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RELATION OF SOMAL LIPID-SYNTHESIS TO THE FAST AXONAL-TRANSPORT OF PROTEIN AND LIPID BRAIN RESEARCH LONGO, F. M., Hammerschlag, R. 1980; 193 (2): 471-485

Abstract

The role of somal lipid synthesis in the fast axonal transport of protein and lipid was examined in vitro utilizing spinal/sciatic nerve preparations of bullfrog. Inhibition of phospholipid synthesis in dorsal root ganglia by the amphiphilic cation, fenfluramine (0.1-2.0 mM) was monitored as decreased incorporation of [3H]choline into phosphatidyl choline. This inhibition was directly proportional to a decrease in the amount of [3H]protein undergoing fast axonal transport, the two variables being related by a slope close to unity. [3H]Choline-labeled lipid undergoing fast transport in the axon was unaffected by inhibition of somal phospholipid synthesis. Levels of fenfluramine up to 1.0 mM had no effect on uptake or incorporation of [3H]leucine. Selective exposure of desheathed nerve trunks to 1.0 mM fenfluramine had no effect on [3H]protein translocation, indicating that local phospholipid synthesis is not required to maintain ongoing transport in the axon. Inhibition of cholesterol synthesis in the ganglia with the analog 20,25-diazacholesterol also resulted in depression of [3H]protein transport. Since synthesis of both phospholipid and cholesterol are required at the level of the ganglion, it is suggested that the initiation of fast axonal transport of protein is dependent on the assembly of lipoprotein structures in the soma.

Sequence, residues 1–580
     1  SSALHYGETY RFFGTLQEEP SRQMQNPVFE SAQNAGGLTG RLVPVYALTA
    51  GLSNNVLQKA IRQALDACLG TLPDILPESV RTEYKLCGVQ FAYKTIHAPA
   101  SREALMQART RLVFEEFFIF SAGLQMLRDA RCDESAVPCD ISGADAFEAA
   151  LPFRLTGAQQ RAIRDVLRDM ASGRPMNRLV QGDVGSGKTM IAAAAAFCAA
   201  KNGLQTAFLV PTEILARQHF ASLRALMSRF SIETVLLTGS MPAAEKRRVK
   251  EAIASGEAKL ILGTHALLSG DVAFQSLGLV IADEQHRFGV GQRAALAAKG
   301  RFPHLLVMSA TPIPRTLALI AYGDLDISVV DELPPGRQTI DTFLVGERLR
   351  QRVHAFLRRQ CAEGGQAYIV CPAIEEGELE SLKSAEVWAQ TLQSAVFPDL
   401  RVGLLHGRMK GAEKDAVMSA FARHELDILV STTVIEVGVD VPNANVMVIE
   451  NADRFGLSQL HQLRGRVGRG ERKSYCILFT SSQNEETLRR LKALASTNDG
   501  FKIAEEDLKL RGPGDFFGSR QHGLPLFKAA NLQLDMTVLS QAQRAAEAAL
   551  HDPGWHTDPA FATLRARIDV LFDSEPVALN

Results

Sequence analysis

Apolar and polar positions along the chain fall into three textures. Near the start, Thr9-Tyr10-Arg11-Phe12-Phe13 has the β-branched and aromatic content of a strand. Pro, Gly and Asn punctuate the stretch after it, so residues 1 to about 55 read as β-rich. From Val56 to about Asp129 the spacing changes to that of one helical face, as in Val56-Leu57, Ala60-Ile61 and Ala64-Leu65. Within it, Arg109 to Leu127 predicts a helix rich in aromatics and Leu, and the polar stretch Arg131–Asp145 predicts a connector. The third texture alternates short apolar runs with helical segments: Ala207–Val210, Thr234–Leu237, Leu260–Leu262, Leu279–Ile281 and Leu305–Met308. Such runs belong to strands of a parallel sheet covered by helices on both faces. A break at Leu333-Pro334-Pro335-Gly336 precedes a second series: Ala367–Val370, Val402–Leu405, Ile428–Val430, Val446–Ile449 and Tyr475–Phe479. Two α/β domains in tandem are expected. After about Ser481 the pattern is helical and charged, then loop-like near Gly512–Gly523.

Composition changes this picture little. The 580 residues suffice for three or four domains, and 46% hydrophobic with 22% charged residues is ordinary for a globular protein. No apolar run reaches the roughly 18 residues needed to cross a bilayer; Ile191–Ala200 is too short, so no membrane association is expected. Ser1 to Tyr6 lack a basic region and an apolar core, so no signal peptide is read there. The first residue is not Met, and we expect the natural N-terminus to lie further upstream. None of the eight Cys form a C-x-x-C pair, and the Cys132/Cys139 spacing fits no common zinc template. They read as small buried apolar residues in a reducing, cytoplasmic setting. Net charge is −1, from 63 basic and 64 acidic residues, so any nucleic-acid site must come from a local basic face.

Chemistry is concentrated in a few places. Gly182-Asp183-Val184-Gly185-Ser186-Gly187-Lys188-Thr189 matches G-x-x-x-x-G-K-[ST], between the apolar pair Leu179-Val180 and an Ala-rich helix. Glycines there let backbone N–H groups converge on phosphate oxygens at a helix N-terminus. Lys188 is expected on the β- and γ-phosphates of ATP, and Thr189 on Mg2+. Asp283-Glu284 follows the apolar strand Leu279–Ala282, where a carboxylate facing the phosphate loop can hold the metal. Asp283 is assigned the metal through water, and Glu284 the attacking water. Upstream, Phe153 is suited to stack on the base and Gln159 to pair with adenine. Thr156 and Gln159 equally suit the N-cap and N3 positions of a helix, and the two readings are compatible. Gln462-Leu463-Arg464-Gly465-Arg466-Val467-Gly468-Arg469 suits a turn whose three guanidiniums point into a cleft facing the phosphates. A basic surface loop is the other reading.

View details for Web of Science ID A1980JX56900011

View details for PubMedID 6155973